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The Abotech Affair: The first of a 2-part CBC Radio special report

Evan Dyer was able to confirm many of the factual accounts detailed on this blog, and in his first report, broadcast by CBC Radio One in Ottawa at 7:15am this morning, the focus was on the question of David Smith's aboriginal heritage.

Here are the major points:

  • David Smith grew up on a farm on the Algonquin reserve of the Kitigan Zibi band in Maniwaki, Quebec, though the farm itself was technically not part of the band lands that surrounded it.
  • David Smith does not claim to belong to the Kitigan Zibi, however, but rather is a self-declared Metis.
  • The basis of his self-declaration is that his great-grandmother was an aboriginal (not clear if she was a full status native or a Metis as well).
  • David Smith's twin brother Dan, is also self-declared, and is also acting as David Smith's campaign manager.
  • David Smith resents questions concerning his heritage, insisting that the subject is "personal" and "private".
  • Despite his assertion that his heritage is no business of ours, he did register his company Abotech as an aboriginal firm, making it eligible for aboriginal set-aside contracts.
  • Two members of the Kitigan Zibi band were asked for their opinion concerning David Smith's status. Chief Jean-Guy Whiteduck made it clear that he believes the claim to be specious, even if it followed all the rules. A counsellor added that despite his claim to be an aboriginal, and the pride he claims to derive from this status, David Smith has never delivered any benefit to the band in his capacity as a member of parliament for the governing party. Indeed, the counsellor seemed to feel the band was being ignored by their MP.
  • When asked about David Smith's support, or lack thereof, for his fellow aboriginals in Maniwaki, Dan Smith replied that their criticisms should be dismissed, since "they don't vote, these people". David Smith was not available for comment on this question. Dan Smith did not provide an explanation on why voting patterns were relevant in responding to the concerns of constituents, nor did he provide supporting evidence that the Kitigan Zibi participation in elections was any different from the population at large. He angrily repeated his "they don't vote" claim several times as a the reason that their criticisms ought to be ignored.

In the discussion of the story with Ottawa Morning host Anthony Germain, Evan Dyer helped focus the core question concerning David Smith's heritage issue. David Smith's application for status might have met the standard for the particular organization that maintained the list (though Dyer pointed out that a previous president of the organization was caught selling memberships for cash), the spirit of the set-aside program is obvious.

Contracts are set aside for aboriginals because aboriginal businesses on the whole are disadvantaged by way of their physical location (isolated on reserves), depth of education (generally less of a pool of qualified post-secondary graduates from which to draw staff), and general discrimination.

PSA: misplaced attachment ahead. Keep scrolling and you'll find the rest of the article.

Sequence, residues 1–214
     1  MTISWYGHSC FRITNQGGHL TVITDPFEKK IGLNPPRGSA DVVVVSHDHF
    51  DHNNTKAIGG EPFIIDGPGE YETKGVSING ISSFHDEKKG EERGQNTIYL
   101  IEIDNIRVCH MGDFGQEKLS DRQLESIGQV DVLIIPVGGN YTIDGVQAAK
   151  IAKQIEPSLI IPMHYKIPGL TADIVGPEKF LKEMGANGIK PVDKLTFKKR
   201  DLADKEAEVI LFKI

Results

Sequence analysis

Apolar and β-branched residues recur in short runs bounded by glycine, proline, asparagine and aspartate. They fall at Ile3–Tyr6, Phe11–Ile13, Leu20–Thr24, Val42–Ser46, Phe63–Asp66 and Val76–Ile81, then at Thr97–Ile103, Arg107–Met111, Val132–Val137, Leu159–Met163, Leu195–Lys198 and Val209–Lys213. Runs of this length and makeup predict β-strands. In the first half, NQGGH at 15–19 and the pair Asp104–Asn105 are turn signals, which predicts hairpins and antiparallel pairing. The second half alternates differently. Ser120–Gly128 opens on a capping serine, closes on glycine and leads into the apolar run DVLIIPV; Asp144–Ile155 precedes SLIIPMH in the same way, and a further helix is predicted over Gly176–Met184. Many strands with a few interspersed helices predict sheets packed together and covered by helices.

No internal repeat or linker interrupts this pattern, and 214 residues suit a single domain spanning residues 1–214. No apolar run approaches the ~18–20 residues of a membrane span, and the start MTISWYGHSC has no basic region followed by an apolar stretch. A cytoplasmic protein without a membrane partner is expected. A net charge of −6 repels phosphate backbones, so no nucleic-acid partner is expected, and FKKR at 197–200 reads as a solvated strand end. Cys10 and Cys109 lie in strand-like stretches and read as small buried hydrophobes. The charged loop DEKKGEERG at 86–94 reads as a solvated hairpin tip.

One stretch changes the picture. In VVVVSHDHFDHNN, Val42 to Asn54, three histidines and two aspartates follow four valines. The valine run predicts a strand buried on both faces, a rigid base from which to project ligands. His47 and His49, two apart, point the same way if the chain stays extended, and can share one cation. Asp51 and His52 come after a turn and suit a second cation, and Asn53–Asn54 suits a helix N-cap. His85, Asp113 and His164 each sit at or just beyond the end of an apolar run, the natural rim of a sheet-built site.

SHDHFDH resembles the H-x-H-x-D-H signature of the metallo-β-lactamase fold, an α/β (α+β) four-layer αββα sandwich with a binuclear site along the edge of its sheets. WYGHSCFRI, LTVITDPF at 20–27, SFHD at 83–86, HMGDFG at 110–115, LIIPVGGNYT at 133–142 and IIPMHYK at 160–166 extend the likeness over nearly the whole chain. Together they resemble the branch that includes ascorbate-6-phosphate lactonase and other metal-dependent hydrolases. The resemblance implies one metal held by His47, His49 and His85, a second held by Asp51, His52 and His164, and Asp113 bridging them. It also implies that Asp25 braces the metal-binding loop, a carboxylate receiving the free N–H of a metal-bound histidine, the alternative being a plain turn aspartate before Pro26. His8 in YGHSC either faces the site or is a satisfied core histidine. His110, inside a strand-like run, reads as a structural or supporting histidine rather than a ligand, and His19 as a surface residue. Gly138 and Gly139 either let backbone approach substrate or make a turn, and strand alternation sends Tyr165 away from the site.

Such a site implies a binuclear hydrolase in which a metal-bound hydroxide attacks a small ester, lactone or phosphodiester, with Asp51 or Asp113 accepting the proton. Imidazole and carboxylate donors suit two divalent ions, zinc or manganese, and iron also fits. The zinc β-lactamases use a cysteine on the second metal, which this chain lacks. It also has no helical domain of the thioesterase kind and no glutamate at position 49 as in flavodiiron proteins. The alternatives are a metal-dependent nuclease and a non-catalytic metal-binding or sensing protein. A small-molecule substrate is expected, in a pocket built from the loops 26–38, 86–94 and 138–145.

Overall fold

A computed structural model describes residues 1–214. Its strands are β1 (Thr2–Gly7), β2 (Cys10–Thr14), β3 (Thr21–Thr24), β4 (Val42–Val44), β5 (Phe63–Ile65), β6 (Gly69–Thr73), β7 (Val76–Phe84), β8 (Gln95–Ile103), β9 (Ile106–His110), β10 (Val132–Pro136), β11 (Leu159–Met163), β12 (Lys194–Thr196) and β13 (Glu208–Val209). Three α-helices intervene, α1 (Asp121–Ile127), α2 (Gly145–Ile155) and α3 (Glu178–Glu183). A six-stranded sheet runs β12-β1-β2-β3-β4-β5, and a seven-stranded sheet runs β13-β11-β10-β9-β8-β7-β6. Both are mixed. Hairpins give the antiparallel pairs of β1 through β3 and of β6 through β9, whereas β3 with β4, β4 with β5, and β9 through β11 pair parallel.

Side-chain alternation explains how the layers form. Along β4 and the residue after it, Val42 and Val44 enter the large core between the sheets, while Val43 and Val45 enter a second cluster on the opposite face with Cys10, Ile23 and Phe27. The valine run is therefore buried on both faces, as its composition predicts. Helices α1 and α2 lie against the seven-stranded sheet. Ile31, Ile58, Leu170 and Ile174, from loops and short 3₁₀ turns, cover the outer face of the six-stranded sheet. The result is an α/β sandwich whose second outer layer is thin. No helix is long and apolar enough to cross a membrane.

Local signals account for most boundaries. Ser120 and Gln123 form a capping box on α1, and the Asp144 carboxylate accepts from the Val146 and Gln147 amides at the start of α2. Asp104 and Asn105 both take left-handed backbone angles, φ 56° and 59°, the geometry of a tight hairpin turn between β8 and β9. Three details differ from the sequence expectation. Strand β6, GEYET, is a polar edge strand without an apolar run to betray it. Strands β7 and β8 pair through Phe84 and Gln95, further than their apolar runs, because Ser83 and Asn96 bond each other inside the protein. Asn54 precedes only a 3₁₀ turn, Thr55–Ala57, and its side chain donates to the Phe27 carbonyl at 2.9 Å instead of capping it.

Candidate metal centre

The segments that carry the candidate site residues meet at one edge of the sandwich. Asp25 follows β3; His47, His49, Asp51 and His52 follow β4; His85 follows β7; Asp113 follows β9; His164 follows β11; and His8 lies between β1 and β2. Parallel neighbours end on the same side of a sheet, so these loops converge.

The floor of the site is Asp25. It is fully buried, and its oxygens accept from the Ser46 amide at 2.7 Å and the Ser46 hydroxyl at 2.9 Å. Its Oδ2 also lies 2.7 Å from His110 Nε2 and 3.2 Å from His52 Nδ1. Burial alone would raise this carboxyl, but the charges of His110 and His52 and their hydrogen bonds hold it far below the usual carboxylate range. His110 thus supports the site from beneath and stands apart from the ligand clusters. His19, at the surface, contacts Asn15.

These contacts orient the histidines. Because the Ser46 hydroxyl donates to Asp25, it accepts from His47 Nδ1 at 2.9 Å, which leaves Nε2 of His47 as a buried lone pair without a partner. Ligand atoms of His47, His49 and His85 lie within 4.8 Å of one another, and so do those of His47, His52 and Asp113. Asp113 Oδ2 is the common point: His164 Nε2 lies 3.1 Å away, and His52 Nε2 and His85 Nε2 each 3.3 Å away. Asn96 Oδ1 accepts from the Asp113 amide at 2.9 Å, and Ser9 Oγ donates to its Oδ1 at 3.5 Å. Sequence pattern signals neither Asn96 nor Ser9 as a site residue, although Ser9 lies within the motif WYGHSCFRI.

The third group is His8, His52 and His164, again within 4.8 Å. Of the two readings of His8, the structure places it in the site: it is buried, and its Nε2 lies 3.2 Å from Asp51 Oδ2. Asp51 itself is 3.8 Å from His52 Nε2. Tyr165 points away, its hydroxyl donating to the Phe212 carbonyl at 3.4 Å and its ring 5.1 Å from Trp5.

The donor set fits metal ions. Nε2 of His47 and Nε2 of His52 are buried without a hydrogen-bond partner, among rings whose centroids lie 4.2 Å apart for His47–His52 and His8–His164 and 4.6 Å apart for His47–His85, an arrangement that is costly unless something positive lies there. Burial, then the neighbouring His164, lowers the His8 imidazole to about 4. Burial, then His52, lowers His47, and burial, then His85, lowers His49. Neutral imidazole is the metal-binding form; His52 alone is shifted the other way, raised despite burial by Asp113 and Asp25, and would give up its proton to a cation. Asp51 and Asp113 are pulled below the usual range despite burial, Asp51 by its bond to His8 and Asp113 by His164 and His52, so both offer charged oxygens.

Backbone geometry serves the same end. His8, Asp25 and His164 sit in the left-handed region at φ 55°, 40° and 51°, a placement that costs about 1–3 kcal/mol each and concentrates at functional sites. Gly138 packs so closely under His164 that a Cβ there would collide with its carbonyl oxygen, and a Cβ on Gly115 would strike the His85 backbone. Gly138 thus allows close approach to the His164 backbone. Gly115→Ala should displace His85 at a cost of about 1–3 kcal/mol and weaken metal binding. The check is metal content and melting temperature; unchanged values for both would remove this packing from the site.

None of these apply to Abotech, an "aboriginal" firm only inasmuch as the president (and sole employee) was able to find a single member of his family three generations back who was an aboriginal. The firm itself hired no aboriginal employees from the band, and was run out of a comfortable three-bedroom home in a suburb of Ottawa. As a university graduate, as a former high-ranking employee of Public Works, and as a sitting member of parliament for the governing party, Abotech certainly did not require the boost of aboriginal registration to be noticed by the contracting authorities at Public Works. Note that David Smith claims that none of the contracts Abotech had were set-asides.

The CBC report points out that this is not relevant. The program is designed to help those who need help, and David Smith's entry in the program suggests a person out to get whatever he feels he is entitled to, regardless of his need, or how it might impact others.

Indeed, Anthony and Evan point out that this behaviour reinforces the perception of the Liberal Party being populated from the highest level in cabinet down to the freshest backbenchers with people who have truly bought into the "culture of entitlement". A question they posed but that no one could answer was whether this will have any affect on the votes in Pontiac, one of the few ridings where the Conservative Party has a real chance to win with candidate Lawrence Cannon.

Ottawa Morning is the highest rate morning program in the area.

Another question: Will Dan Smith's small rant about not wasting one's time listening to the opinion of "these people" who don't vote have an impact as well? To suggest that the only constituents who matter are those who vote, and indeed that an aboriginal candidate who makes pains to declare his status (it figures prominently on David Smith's Liberal Party bio) cares only about aboriginals who bother voting dramatically reinforces the perception of a party and a candidate with the most cynical attitudes about their obligations to their constituents, and to Canadians in general.

Tomorrow's piece will move from the question of David Smith's use of aboriginal status. Instead the focus will be on Abotech itself, the nature of the business, its relationship with the government, and the work that it does.

Tomorrow's live broadcast is available on the internet, and will run sometime between 7:15am and 7:50am. I have asked for, and will be receiving, a tape of two broadcasts, and I'll endeavour to make it available online.

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